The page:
According to the 2001 ruling, affirmed in 2008, if the DA wants to re-instate the death sentence, the DA must call for a new penalty-phase jury trial. In such a penalty hearing, new evidence of Abu-Jamal’s innocence could be presented, but the jury could only choose between execution and a life sentence without parole.
The DA is appealing to the U.S. Supreme Court against this 2008 affirmation of Yohn’s ruling. If the court rules in the DA’s favor, Abu-Jamal can be executed without benefit of a new sentencing hearing. If the U.S. Supreme Court rules against the DA’s appeal, the DA must either accept the life sentence for Abu-Jamal or call for the new sentencing hearing. Meanwhile, Mumia Abu-Jamal has never left his death row cell.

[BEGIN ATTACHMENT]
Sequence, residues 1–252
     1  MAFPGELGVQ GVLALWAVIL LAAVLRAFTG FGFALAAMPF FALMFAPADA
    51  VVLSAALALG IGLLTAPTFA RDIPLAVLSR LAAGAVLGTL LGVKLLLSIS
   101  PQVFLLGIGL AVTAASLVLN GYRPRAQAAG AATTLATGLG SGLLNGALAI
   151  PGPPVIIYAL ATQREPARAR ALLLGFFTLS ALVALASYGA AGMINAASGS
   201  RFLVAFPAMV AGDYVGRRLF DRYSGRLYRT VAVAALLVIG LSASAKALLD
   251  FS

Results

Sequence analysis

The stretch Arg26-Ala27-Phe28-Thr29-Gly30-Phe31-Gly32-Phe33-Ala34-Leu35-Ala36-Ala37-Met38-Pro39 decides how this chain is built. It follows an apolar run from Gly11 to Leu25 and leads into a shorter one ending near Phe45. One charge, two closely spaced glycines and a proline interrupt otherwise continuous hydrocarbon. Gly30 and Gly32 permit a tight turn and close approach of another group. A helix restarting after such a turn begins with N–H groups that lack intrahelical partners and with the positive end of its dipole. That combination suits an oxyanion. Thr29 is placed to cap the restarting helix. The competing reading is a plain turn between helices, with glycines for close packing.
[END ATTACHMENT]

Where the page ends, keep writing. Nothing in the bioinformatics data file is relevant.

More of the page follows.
President Obama against the death penalty and for Mumia Abu-Jamal
please help to spread the petition to President Obama against the death penalty and for Mumia Abu-Jamal:
To: President Barack Obama WE THE UNDERSIGNED petition you to speak out against the death penalty for Mumia Abu-Jamal, and all the men, women and children facing execution around the world. This ultimate form of punishment is unacceptable in a civilized society and undermines human dignity. (U.N. General Assembly, Moratorium on the Use of the Death Penalty, Resolution 62/149, Dec. 18, 2007; reaffirmed, Resolution 63/168, Dec. 18, 2008.)